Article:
Last week images and videos of the art work were uploaded to folders in Google Drive and sent to my email inbox. Twenty-five years ago they were delivered to my apartment in Los Feliz in what I remember to be at least twenty carousel slide trays. There has been a lot of art and art teaching for me in time in-between, during which much has changed and much has stayed the same, all for the better.
    I have more to say to the 2020 Fine Arts Seniors at Otis than will fit here, but I’d rather save some of it for when I will have an opportunity to be standing in a gallery or museum or a space as yet undefined (not to mention a collector’s home) and say to any of them “I remember your work from 2020.” Judging from the images I have every confidence I will be doing just that. 2020 has become a year that will stay with us for the rest of our lives, and to the students I want to be clear that I understand completely the frustration and disappointment of not being able to do what they have been planning to do this entire final year of their BFA. The rest of this is addressed to them.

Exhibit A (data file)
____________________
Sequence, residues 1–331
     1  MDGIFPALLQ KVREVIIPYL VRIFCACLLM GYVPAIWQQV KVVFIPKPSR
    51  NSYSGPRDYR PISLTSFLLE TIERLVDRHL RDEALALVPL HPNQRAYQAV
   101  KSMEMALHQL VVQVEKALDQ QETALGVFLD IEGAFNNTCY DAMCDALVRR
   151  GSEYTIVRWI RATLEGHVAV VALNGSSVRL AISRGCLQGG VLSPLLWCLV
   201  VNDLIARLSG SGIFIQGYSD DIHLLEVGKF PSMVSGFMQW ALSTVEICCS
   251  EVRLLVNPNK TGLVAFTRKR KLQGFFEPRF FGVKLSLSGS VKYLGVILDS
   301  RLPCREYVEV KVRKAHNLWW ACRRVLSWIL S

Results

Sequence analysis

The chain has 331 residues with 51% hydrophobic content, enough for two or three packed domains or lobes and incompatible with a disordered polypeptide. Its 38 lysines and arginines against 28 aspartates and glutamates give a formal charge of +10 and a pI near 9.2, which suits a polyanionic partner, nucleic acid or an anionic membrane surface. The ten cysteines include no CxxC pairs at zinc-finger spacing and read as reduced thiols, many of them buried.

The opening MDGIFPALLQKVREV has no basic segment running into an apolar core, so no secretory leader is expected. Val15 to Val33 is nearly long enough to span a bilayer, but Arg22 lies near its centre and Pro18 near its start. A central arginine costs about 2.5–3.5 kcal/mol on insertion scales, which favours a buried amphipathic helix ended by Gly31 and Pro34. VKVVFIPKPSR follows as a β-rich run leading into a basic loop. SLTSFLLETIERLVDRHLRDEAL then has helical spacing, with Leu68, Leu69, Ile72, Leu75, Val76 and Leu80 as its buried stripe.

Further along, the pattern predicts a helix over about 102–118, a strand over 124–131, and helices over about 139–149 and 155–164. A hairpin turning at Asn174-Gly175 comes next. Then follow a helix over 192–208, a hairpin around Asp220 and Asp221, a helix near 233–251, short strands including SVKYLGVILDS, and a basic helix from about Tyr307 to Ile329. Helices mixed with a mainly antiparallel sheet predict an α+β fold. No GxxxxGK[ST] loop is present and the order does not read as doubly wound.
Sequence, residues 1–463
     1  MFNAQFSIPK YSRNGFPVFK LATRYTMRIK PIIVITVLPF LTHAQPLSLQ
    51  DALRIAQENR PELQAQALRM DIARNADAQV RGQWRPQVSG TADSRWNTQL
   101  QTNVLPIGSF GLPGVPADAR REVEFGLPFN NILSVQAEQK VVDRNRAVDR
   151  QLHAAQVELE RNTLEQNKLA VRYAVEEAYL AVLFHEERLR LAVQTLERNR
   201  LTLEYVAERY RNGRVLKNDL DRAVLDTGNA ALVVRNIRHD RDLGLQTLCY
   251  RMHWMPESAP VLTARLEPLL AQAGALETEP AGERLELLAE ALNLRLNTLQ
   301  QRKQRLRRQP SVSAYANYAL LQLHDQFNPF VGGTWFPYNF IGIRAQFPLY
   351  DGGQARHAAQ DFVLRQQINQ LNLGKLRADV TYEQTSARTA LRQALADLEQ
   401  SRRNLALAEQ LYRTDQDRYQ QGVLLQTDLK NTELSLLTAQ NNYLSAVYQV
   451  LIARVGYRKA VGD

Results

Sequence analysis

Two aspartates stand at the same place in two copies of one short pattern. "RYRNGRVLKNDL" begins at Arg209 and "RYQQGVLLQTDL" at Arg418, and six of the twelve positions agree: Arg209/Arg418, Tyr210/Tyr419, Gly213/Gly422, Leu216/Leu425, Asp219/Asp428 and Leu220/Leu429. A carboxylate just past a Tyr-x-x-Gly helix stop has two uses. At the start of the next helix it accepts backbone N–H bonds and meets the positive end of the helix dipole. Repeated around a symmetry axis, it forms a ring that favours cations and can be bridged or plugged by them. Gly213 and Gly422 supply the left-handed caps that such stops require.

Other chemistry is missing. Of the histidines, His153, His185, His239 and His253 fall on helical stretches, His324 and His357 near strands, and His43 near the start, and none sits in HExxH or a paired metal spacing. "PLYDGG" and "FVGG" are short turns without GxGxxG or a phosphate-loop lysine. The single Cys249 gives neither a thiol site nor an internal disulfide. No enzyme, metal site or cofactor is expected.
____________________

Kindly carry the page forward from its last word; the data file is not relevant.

Some of you may know I was once a member of the full-time faculty at Otis. In 1994 I moved to Los Angeles from New York to teach there, and I was the first Critic-in-Residence in the Undergraduate and Graduate Fine Arts Departments. I taught Senior Studio more than once, and I especially enjoyed the Senior Show exhibition preparations because—finally!—the work was going to be given the chance to have a life of its own, to enter what I would sometimes obnoxiously call “my world,” the world of exhibitions spaces where people like me who have had the good fortune to engage with art and artists for a living would be able to engage with the students’ work totally on its own terms. No more in-class critiques, no more artist statements (both of which are valuable, don’t get me wrong), but just the work there having its own life. Nothing can replace this, and, despite everything from websites to Instagram, nothing will.